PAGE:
By John A. MacKay
In my last article, I provided an overview of extraction types and the number of apparatus and solvents that could be used to perform this process. As a follow-up, I want to use the extraction of a common natural product (roasted coffee beans), to describe the extraction of a biologically active ingredient (caffeine) and the other essential oils, flavors and fragrances by water and supercritical CO2. After that I would like to compare to extraction micro distillation versus SFE by CO2 of essential oils from industrial hemp.
But first, a purposeful tangent.
EXTRACTING OUT OF THE THIS WORLD? Yes, really that is what we are doing in the modern world today. Technology has become so common to us that we forget that we are walking through a virtual science lab. Interestingly enough, we have created compact un-Earthly worlds inside our daily lives on Earth. If you assume that where you live, and the conditions you live in, are atmospheric reality, then anything outside of that reality is not reality. As scientists, we must test conditions that are outside of the limitations of Earth’s atmosphere. Any time we test at different temperatures, different pressures, etc. we are changing our natural conditions. We are living “out of this world.” So some of the scientific apparatus that were used to do this, were capitalized on by an “entrepreneur” and now we have small units that are colder or warmer than our reality. We call these refrigerators and stoves. Next came microwaves and ovens.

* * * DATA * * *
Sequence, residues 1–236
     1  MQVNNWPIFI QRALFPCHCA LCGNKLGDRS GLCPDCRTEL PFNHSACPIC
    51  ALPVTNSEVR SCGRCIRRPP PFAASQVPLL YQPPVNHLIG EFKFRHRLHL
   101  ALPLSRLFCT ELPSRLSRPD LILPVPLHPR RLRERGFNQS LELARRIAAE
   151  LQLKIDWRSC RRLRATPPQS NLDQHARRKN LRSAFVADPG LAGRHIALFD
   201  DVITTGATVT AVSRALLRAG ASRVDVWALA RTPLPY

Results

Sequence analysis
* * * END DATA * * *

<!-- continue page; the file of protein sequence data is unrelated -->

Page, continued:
Anyhow, on to extraction of botanicals and how that fits into this modern world.
I like to start my day off with the extraction of coffee. The decaffeination of roasted coffee, as well as the flavors and fragrances are something I do for the physiological effect, as well as for the taste and aromas. There are at least three extraction modes using H2O as my extraction fluid that are possible; flow through, steeping, and percolation.
|The first is a simple flow through extraction with hot water with, Chemex, for example, which got its start from a modified Erlenmeyer flask.|
|The second is one with steeping of the coffee and then filtering. The coffee press, patented by Milanese designer Attilio Calimani in 1929, is an example of this mode.|
My beans came in an air tight pouch. Many people keep this in the freezer to keep in the flavors and fragrances that would be lost over time in the Earth’s conditions.
My caffeine loaded natural product needs to be ground or it will not be able to provide me with the yield of caffeine I want (need). I grind it to provide more surface area. The finer the particles, the more material extracted.
First, I opened the package and took my imprecise measuring device and placed 4 heaping scoops into my grinder. I grind and then transfer the material onto a filter paper that was on top of coffee maker.